I actually tend to give money to charity online. Not in response to appeals, simply standing orders or direct debits, fire and forget. It's just easier that way, there is no pressure, no thought necessary. But the online world is under seige as well. I barely use any forms of social media. Twitter is my one real concession, and I follow well under a hundred accounts. Almost all of these are nature related, mostly birds. And of course with that comes, via tweet and retweet, streams of bad news and an almost endless calls to arms. To sign petitions, to do this and to do that, so show support via a click, to express concern. Some I click, some I sign, in fact nearly all I probably sign, as I do actually care about the issues at stake enough to do so. The government ePetitions on driven Grouse shooting, the absurd new visitor centre at Spurn that very few local people actually seem to want, but I can tell you that after several years of this ad nauseam I am getting genuinely tired of it. It is almost as if my brain just switches off, filters it out. Oh look, Natural England has granted another licence to shoot Buzzards, another Hen Harrier has been found dead near a Grouse Moor. Yup, more of the same, next. It's not dissimilar to the almost indifference I sometimes feel when there is yet another terrorist atrocity somewhere in the world, or another air disaster. These things happen so frequently and then are burned into your retinas for endless hours by that scourge of modern society known as "Breaking News" that you end up desensitised to it, immune. The media saturation has the exact opposite effect to that presumably intended, but if you didn't turn off you would end up a basket case, unable to concentrate, an emotional wreck.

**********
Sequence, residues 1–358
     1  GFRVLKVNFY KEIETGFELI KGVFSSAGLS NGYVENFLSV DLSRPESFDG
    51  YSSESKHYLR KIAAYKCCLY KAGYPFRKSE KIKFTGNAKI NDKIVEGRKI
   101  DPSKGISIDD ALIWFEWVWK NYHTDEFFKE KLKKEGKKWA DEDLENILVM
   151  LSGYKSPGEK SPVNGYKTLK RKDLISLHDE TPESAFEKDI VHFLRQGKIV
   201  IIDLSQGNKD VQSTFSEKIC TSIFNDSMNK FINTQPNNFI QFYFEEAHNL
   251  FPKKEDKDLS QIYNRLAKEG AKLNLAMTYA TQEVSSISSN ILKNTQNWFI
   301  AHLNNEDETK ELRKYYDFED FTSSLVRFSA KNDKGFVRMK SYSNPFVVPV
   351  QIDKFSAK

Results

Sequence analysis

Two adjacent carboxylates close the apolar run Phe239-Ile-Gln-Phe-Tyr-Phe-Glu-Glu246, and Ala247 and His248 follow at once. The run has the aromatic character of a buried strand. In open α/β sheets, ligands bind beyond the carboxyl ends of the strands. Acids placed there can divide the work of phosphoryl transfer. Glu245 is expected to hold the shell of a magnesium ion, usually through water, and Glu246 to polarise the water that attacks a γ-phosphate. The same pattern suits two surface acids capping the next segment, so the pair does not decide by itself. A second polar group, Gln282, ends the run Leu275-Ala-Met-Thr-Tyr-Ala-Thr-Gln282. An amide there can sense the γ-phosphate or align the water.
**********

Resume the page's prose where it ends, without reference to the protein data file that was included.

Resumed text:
And yet you feel bad, or at least I do. I should care more. I should get involved myself. I should give money. I should promote these causes. I should retweet this. I should sign this. I should make my voice heard. I should express my disgust. If I don't then I'm a bad person and other people will think I don't care. I do care, but compassion fatigue is an actual phenomenon and should not be confused with or be assumed to be an excuse for heartlessness. It isn't, I'm not heartless, but I am definitely sick of both bad things happening as well as people trying to do good. This patently ridiculous, how can I get annoyed by both when one is a solution to the other?